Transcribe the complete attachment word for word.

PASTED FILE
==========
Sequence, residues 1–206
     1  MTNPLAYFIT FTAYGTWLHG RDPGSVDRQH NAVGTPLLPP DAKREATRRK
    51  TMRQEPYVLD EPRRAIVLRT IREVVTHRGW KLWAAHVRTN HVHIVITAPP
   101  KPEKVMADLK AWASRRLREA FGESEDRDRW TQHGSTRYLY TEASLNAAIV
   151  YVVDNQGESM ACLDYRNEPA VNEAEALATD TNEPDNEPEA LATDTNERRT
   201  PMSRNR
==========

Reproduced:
Sequence, residues 1–206
     1  MTNPLAYFIT FTAYGTWLHG RDPGSVDRQH NAVGTPLLPP DAKREATRRK
    51  TMRQEPYVLD EPRRAIVLRT IREVVTHRGW KLWAAHVRTN HVHIVITAPP
   101  KPEKVMADLK AWASRRLREA FGESEDRDRW TQHGSTRYLY TEASLNAAIV
   151  YVVDNQGESM ACLDYRNEPA VNEAEALATD TNEPDNEPEA LATDTNERRT
   201  PMSRNR